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Foreign direct investment reviews 2023: A global perspective

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A guide to navigating the rules for investing in countries that require foreign direct investment approval.


Now in its seventh year of annual publication, White & Case's Foreign Direct Investment Reviews provides a comprehensive look into rapidly evolving foreign direct investment (FDI) laws and regulations in approximately 40 national jurisdictions and two regions. This 2023 edition includes more than 15 new jurisdictions in addition to those covered in previous editions and summarizes high-level principles in the European Union and Middle East. Our expansion in coverage reflects the rapid global proliferation of FDI regimes and our market leading position in the field.

FDI regimes are wide-reaching in scope, from national security to public health and safety, law and order, technological superiority, and continuity and integrity of critical supply chains. They are divergent with respect to jurisdictional triggers across countries, and are almost always a black-box process.

The following are some general observations, in large part based on the 2022 CFIUS and EU annual reports:

  • The number of FDI regimes and regulatory enhancements is growing around the world, particularly in Europe. In 2021 and 2022, four EU Member States—Czech Republic, Denmark, Netherlands and Slovakia—implemented new FDI regimes, and in 2023, Sweden and Belgium are slated to adopt FDI screening measures (in addition to non-member Switzerland).
  • FDI regulators, at least from allied nations, are collaborating and learning from each other. CFIUS reported at its first annual conference in 2022 that it continues to host training sessions for US allies so that they can adopt similar regimes.
  • FDI regulators interpret their jurisdiction and authority broadly, especially if they believe it is in the national interest. Many regulators have "call-in," "ex officio," or "non-notified" authority.
  • Despite increased regulation, most cross-border transactions are successfully consummated, although there has been an increase in the number of cases clearing with remedies.
  • The origin of the investor remains a key concern for Western regulators. For example, China and Russia are included more and more in CFIUS's regular Q&A, asking broader and more invasive questions.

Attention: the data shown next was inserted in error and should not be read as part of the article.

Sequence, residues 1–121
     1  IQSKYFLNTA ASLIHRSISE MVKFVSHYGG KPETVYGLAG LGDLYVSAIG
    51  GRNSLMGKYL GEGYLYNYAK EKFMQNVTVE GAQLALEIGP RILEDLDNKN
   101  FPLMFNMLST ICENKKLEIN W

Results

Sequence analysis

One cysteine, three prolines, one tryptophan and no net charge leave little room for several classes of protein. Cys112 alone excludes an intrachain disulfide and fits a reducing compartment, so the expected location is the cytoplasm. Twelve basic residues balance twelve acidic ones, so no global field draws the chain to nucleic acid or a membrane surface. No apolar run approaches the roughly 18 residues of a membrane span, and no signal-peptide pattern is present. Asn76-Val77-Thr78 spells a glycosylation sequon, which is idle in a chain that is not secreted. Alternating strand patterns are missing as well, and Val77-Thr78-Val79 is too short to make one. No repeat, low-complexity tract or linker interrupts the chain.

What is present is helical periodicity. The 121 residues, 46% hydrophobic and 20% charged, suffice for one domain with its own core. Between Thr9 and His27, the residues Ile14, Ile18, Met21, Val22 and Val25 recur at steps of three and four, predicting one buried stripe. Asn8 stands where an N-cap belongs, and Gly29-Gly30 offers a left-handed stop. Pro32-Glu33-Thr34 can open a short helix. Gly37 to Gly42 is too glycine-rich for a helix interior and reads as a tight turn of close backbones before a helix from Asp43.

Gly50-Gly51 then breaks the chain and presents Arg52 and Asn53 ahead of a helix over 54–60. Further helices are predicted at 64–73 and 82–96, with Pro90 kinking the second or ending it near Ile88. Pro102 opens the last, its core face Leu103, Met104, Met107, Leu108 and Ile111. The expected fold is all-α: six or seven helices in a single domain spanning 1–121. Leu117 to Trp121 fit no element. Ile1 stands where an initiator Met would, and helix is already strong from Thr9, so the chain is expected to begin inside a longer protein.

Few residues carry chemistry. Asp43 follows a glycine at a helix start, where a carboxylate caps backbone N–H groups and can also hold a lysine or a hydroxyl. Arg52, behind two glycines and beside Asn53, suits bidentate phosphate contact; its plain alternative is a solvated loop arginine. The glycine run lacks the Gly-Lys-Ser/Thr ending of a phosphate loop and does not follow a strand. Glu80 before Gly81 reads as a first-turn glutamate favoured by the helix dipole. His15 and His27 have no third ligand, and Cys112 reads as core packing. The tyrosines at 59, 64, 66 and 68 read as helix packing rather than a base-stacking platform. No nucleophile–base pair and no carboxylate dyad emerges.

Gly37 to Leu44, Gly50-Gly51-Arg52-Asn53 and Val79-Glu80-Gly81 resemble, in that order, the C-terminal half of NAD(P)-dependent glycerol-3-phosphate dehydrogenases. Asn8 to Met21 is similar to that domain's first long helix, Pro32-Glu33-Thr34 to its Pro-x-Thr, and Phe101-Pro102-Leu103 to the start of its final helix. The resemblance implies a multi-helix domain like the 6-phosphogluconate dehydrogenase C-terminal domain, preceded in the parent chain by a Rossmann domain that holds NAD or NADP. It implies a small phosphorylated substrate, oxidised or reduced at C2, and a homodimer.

Investors conducting cross-border business need to understand FDI restrictions as they are today—and how these laws are evolving over time—to avoid disruption to realizing synergies, achieving technological development and integration, and ultimately securing liquidity.

We would like to extend a special thank-you to all of our external authors, who have provided some insightful commentary on the FDI regimes in a number of important jurisdictions. The names of these individual contributors and their law firms are provided throughout this publication.

We would also like to extend a special thank-you to James Hsiao of our Hong Kong office and Tim Sensenig of our Washington, DC office for their tireless efforts and dedication to the publication of this edition.



The Canadian government announced a strict framework to evaluate foreign investments in the critical minerals sector by state-owned enterprises and state-linked private investors, especially if from “non-likeminded” countries.

canada fdi 2022


Foreign direct investments, whether undertaken directly or indirectly, are generally allowed without restrictions or without the need to obtain prior authorization from an administrative agency.

mexico fdi 2022

United States

Most deals are approved, but expanded jurisdiction, mandatory filings applying in certain cases, enhanced focus on national security considerations, and a substantially increased pursuit of non-notified transactions have changed the landscape.

United States of America



Driven by the European Commission's guidance, Member States keep expanding their investment screening regimes. A similar trend is observed in Europe at large.

european union fdi 2022


In Austria, the Austrian Federal Investment Control Act (Investitionskontrollgesetz or the ICA) introduced a new, fully fledged regime for the screening of Foreign Direct Investments (FDI) and came into effect on July 25, 2020. With its wide scope of application and extensive interpretation by the competent authority, the number of screened investments has soared.

austria fdi 2022


Belgium implements an FDI screening regime by July 1, 2023.


Czech Republic

The new Foreign Investments Screening Act took effect in May 2021, and completed its first full year in operation in 2022.